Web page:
|Elizabeth Inghram and Dana Watkins as Kate and Jeremy.|
Photo by Arin Sang-urai.
Seen on: Friday, 2/02/18.
My grade: B+
Plot and BackgroundJeremy, still deeply depressed three years after the death of his fiancee, is reclusive, sleeping all the time, and blocked on writing his modern-day fairy tale novella. Forcibly shaken from his routine by his party-hard brother Eddie, Jeremy joins an acting class and begins work on a scene from The Seagull with classmate Chrissy, only to find that his dreams are no longer haunted solely by the spectre of Kate - there's a long-dead Russian playwright paying him visits as well.
What I Knew BeforehandNext to nothing. Well, I suppose I knew enough of Chekhov's theatrical canon to have an opinion while Jeremy and Chrissy debated his merits.
Play: I definitely had my trepidations based on the title alone - I, like Jeremy, am not overly in love with the plays of Chekhov. But this turned out to be quite a charming romantic comedy with a twist. There are things I could pick apart - a somewhat inconsistent engagement with mental illness, or how the women still rather felt like props to the male narrative - but these are things which came up more for me after the show rather than during it. During the show, I was engaged and amused, laughing and investing in the characters on their journey, frequently questioning - and changing my mind just as frequently - what Kate's true agenda might be, and whether she was a true ghost visiting, or a manifestation of Jeremy's grief and broken psyche. That line of tension can be hard to maintain, but this production pulled it off winningly, and even made me consider giving Chekhov another try.
Cast: The ensemble here is terrific. As Jeremy, Dana Watkins brings an affable and awkward charm to a man teetering between rejuvenation and self-immolation. Elizabeth Inghram has a sparkling detachment as his dead fiancee Kate, subtly layering playfulness with manipulation, so that we're never quite sure if she's our ally or our enemy. Charlotte Stoiber's Chrissy is engagingly earnest with her wide-eyed view that the world can't be nearly as bad as Jeremy seems to think. As Jeremy's boozing and partying brother Eddie, Christian Ryan has the best lines in the show, and he delivers them with a light touch, finding the vulnerability under the bravado. And Rik Walter's Chekhov, obsessed with American's colorful curses, makes a hilarious cameo in Jeremy's psyche.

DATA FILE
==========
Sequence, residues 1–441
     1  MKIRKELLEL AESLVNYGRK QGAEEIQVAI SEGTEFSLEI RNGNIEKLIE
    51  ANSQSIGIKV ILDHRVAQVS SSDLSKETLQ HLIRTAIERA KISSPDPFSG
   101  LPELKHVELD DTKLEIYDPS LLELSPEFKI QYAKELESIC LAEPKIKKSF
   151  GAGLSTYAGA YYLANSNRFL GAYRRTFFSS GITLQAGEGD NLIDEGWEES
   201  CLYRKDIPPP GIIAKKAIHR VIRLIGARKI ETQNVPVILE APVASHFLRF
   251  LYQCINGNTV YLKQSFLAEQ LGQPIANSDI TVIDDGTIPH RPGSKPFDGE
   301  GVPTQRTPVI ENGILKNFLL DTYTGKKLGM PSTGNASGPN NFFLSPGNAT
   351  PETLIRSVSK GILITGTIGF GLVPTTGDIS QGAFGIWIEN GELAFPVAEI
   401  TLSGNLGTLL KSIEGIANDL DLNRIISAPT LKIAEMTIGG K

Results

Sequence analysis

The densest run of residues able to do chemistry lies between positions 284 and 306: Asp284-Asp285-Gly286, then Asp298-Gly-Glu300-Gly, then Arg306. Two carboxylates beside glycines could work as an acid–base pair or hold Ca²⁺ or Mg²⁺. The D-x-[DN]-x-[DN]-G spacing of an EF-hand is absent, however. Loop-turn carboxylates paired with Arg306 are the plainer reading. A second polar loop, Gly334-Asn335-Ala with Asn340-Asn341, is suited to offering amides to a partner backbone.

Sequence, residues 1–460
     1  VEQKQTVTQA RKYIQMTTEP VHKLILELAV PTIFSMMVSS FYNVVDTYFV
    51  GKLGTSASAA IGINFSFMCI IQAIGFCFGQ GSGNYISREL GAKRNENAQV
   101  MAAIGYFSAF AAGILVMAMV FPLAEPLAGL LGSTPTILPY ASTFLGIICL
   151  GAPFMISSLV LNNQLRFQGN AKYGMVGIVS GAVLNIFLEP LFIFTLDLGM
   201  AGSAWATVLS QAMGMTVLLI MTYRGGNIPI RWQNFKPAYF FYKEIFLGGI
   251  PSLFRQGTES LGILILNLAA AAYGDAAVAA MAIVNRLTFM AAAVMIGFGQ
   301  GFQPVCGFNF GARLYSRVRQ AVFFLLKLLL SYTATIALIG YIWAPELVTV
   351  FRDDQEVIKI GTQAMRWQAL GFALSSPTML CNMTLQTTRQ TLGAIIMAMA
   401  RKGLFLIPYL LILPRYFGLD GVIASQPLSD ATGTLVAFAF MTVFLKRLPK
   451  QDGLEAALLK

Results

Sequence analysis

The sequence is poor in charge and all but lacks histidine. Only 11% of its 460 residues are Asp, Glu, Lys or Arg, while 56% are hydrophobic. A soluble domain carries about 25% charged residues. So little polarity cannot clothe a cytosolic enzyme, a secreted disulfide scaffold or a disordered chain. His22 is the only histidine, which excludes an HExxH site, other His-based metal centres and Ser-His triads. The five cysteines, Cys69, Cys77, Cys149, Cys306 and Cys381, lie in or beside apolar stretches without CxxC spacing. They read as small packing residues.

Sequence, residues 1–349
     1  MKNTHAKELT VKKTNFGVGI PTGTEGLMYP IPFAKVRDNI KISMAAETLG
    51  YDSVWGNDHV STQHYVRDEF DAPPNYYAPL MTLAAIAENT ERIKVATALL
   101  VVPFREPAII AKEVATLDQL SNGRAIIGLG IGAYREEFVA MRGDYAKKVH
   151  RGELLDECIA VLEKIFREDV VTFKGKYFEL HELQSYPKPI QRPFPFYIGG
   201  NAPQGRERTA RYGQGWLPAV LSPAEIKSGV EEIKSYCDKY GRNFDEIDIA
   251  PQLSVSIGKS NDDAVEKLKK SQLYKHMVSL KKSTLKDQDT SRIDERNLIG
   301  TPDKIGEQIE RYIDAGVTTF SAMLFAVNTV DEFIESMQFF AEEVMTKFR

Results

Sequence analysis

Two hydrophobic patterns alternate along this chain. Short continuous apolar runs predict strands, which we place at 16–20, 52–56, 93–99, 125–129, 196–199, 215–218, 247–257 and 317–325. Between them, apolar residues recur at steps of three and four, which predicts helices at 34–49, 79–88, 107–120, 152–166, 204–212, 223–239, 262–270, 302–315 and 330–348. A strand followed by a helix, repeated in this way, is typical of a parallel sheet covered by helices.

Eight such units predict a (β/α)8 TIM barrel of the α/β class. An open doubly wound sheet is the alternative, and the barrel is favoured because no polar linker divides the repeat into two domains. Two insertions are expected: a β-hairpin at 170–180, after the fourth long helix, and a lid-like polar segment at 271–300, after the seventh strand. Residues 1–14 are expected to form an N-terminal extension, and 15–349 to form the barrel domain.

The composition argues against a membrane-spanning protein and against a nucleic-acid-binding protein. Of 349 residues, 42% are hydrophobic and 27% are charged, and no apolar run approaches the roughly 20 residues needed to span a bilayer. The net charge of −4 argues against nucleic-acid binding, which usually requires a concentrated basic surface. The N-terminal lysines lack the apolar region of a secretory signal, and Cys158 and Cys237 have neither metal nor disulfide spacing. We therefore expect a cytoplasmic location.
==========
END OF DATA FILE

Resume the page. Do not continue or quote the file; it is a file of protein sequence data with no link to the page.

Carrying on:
Design: Scott Aronow's set is as pleasingly authentic as it is malleable - corners and shelves stacked with books and bric-a-brac, but those very walls can be pulled back to reveal an ethereal lake in Jeremy's dreamscape, illuminated delicately (and playfully) by Diana Duecker's lighting. Christina Giannini's costumes start off straightforward, but as the fantasies of Kate start to dominate the narrative, they grow delightfully ornate - from a sparkly circus costume to Arkadina with hat and veil, to (perhaps) Jeremy's Snow Queen.
Running: Now playing at The Beckett Theatre (Theatre Row) - Opening: February 3, 2018. Closing: February 17, 2018.
Category: straight play
Length: 2 hours, 15 minutes, including intermission.
Playwright: John McKinney
Director: Leslie Kincaid Burby
Designers: Scott Aronow (Set), Christina Giannini (Costume), Diana Duecker (Lighting), John McKinney (Sound).
Cast: Dana Watkins, Elizabeth Inghram, Charlotte Stoiber, Christian Ryan, Rik Walter.
|Elizabeth Inghram, Dana Watkins, and Charlotte Stoiber as Kate, Jeremy,|
and Chrissy. Photo by Arin Sang-urai.
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